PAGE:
Excellencies, friends, it is a pleasure to join you today and thank you to the Government of Chile for hosting these ministerials.
Around the world ambition is increasing on climate change.
When the UK took on the COP26 Presidency, less than 30 percent of global GDP was covered by net zero targets.
That figure is now 70 percent.
And every G7 country now has a short term emissions reduction target, or NDC, that puts them on a path to net zero.
That of course is fantastic news.
But there is much much more to be done, if we are to make those targets a reality, and keep the 1.5 degree goal within reach.
And so we need all governments to come forward with net zero targets, and nationally determined contributions, based on the science, to take them there.
And we need countries to commit to take action to make these targets a reality.
Including putting an end to coal power.
And phasing out the sale of polluting vehicles.
But as well as taking action individually, we need to work together.
Because if we collaborate, across borders and across society, we can make progress faster, by increasing incentives for investment, innovating faster, and creating economies of scale.
The recent International Energy Agency report on reaching net zero by 2050, underscores the benefits of collaboration.
It states unequivocally that without international cooperation and I quote, “the transition to net‐zero emissions would be delayed by decades”.
And so, as part of our efforts to put the world on a path to net zero, and keep 1.5 degrees alive, the UK COP26 Presidency is enhancing international collaboration in critical sectors like power, like transport and land use.
We have established the Energy Transition Council, to support just clean energy transitions in developing countries, and a Rapid Response Facility, to provide countries with immediate technical assistance.
And we have announced a Green Grids Initiative with India.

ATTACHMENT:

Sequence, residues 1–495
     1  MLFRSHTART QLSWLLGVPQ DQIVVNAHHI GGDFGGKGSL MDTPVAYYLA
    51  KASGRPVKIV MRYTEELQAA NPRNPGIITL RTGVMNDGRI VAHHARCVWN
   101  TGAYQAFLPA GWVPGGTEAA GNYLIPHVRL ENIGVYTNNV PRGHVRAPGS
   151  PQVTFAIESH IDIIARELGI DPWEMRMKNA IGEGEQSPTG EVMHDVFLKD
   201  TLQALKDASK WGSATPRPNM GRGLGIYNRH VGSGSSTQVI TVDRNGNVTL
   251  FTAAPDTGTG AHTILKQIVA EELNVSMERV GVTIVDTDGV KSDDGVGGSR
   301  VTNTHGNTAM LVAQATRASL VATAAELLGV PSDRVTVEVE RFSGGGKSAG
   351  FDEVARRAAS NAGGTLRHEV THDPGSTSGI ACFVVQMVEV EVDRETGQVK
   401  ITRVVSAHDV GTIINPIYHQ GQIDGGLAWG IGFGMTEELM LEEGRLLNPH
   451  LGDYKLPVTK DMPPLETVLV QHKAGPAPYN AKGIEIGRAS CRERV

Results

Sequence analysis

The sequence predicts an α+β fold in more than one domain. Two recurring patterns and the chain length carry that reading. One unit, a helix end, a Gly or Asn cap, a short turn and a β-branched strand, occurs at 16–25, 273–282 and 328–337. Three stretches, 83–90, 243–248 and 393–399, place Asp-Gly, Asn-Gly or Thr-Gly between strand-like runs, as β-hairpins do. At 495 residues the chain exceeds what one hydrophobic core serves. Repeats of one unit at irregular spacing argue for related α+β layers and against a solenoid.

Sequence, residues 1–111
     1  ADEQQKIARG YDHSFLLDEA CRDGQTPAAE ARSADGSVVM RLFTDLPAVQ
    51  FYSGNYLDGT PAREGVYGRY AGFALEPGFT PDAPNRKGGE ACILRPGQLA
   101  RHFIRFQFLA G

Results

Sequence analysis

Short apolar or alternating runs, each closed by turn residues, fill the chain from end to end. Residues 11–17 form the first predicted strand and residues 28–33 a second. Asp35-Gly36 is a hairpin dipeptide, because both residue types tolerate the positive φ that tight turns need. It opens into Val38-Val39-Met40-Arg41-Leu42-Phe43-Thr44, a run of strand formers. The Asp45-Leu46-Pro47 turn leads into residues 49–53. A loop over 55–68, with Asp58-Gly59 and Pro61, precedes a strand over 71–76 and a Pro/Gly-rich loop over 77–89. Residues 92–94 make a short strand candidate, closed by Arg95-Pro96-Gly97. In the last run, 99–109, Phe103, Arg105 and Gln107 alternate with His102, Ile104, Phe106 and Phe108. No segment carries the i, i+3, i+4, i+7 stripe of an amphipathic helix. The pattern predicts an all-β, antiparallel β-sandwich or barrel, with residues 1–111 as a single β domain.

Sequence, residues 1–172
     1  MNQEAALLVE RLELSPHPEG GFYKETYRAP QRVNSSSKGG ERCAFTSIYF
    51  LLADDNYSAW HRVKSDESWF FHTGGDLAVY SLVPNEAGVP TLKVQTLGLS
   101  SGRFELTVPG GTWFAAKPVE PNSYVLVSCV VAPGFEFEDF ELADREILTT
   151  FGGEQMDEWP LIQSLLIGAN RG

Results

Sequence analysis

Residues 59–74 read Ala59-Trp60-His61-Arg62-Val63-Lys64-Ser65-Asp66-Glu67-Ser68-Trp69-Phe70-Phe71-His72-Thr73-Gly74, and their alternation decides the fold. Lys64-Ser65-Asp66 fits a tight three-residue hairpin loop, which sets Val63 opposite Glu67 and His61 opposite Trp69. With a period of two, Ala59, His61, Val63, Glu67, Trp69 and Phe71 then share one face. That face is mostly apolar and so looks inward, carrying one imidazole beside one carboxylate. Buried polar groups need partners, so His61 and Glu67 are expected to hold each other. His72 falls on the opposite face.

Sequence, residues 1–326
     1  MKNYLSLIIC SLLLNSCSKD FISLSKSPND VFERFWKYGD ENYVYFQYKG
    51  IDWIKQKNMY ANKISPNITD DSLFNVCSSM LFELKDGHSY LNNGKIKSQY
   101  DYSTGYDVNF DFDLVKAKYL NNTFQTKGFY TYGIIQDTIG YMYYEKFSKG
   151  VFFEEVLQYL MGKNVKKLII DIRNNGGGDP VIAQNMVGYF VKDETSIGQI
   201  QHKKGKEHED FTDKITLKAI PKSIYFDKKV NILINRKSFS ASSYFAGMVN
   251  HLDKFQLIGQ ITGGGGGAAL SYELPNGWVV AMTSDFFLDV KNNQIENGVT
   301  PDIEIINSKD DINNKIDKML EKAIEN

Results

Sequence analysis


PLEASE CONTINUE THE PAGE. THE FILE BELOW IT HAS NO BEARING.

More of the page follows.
On clean transport, we have established the COP26 Zero Emissions Vehicle Transition Council, bringing together governments representing some of the world’s largest car markets to get the transition moving faster.
And we are co-hosting the Forest Agriculture and Commodity Trade Dialogue, with Indonesia, to protect forests and help farmers make a better living.
Globally, we must build on this approach and create strong forums for collaboration around each of the main emitting sectors.
Working together to innovate and create demand, and bring new technologies to market, must be a major part of those efforts.
And, here, Mission Innovation and the Climate Energy Ministerial play a vital role.
So it is a real pleasure to celebrate the launch of the next phase of Mission Innovation today and its three new missions, which see governments and business come together, to make clean hydrogen competitive, to get zero emission ships sailing across our oceans, and to enable countries to transition to 100 percent renewable power.
The UK is pleased to lead on power and hydrogen, together with our partners.
And I urge governments and the private sector to join each of these new missions.
To take action to reach their goals.
And to bring forward action plans and new Missions at COP26.
I am also pleased that the CEM will play an increased role in developing markets for clean technologies.
The UK intends to double its funding for this next phase.
And we welcome the launch of the CEM Industrial Deep Decarbonisation Initiative by India and the UK yesterday, which will coordinate public procurement of green steel and cement, using governments’ purchasing power to create demand in those industries where decarbonisation poses the greatest challenges.
Demand that, ultimately, markets can fill.
We must sustain such approaches over the next vital decade.
And place collaboration at the heart of our efforts to reduce emissions; working together to drive action in each of the main emitting sectors, and to put the world on a path to net zero, to keep 1.5 degrees alive, and to protect our planet for future generations.
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